Oh what a tangled web we weave,
When first we practise to deceive!
- Sir Walter Scott (1771?1832)
p2pnet.net News:- Online file sharing is not responsible for the huge sales losses the RIAA (Recording Industry Association of America) and other Big Music trade organizations constantly report.
In fact, “Downloads have an effect on sales which is statistically indistinguishable from zero, despite rather precise estimates,” say Felix Oberholzer (Harvard Business School) and Koleman Strumpf (UNC Chapel Hill) in their empirical analysis The Effect of File Sharing on Record Sales.
“Moreover, these estimates are of moderate economic significance and are inconsistent with claims that file sharing is the primary reason for the recent decline in music sales,” they state
A couple of years back George Ziemann published ‘RIAA’s Statistics Don’t Add Up to Piracy’ and as he said then, “The RIAA is looking for pirates. They need to look in the mirror. The biggest threat to the recording industry is that they long ago dismissed as insignificant the two elements without which there would be no recording industry – the music and the artists.”
Over in Australia, the recording industry is reporting boom times.
Or rather, it isn’t reporting boom times.
Now, “file sharing has no statistically significant effect on purchases of the average album in our sample,” say Oberholzer and Strumpf.
This is, of course, diametrically opposed to Big Five record label claims that online p2p file sharing is directly responsible for plummeting sales and serious financial hardship for artists and support staff.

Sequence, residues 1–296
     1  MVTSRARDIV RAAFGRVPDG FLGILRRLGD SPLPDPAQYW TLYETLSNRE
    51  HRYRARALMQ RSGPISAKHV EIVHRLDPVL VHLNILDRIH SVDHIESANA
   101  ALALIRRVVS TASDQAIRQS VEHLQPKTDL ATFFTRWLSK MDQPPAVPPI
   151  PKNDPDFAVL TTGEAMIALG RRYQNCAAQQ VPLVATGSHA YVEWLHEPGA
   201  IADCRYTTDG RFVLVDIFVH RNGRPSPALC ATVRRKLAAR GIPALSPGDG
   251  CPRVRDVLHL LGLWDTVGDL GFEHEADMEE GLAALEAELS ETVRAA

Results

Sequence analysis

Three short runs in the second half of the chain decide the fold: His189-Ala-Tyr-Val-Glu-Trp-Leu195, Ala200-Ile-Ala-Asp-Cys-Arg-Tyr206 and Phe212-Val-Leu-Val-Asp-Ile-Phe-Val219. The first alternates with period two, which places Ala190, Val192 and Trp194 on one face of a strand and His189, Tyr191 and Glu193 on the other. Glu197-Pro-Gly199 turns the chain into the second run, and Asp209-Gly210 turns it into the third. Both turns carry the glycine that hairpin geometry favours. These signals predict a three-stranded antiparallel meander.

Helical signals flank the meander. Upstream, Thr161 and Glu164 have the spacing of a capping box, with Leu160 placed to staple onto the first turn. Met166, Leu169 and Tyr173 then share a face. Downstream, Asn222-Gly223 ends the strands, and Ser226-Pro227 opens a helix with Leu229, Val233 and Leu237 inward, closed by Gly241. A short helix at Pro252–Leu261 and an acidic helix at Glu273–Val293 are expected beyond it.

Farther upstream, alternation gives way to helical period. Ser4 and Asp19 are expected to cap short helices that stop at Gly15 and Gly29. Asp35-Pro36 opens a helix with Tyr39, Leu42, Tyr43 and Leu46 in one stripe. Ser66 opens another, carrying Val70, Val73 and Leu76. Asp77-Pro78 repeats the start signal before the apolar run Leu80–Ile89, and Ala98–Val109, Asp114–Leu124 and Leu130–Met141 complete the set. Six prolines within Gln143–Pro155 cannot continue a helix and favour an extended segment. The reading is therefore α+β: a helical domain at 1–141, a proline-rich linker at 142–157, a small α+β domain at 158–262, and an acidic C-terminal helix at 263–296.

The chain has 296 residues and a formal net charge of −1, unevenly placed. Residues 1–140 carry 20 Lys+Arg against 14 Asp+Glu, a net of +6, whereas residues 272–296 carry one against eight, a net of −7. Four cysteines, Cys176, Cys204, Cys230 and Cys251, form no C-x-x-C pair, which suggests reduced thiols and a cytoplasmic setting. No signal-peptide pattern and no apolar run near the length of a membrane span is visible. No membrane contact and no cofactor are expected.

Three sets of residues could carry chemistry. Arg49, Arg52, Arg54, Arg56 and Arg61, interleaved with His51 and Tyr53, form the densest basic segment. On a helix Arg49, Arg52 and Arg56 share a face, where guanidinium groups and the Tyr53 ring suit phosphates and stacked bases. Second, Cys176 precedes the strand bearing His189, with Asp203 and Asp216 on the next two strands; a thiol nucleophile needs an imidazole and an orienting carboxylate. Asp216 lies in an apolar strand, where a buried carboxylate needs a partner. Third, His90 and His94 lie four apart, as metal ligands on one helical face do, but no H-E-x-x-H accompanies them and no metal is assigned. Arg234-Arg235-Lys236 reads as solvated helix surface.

“At most, file sharing can explain a tiny fraction of this decline,” say the authors. “This result is plausible given that movies, software, and video games are actively downloaded, and yet these industries have continued to grow since the advent of file sharing.
“While a full explanation for the recent decline in record sales are beyond the scope of this analysis, several plausible candidates exist.”
Alternative factors include:
- Poor macroeconomic conditions
- A reduction in the number of album releases
- Growing competition from other forms of entertainment such as video games and DVDs (video game graphics have improved and the price of DVD players or movies have sharply fallen)
- A reduction in music variety stemming from the large consolidation in radio along with the rise of independent promoter fees to gain airplay
- And possibly, “a consumer backlash against record industry tactics”.
A similar drop in record sales occurred in the late 1970s and early 1980s, and record sales in the 1990s may have been “abnormally high as individuals replaced older formats with CDs,” emphasise Oberholzer and Strumpf.
Go here for a .pdf download.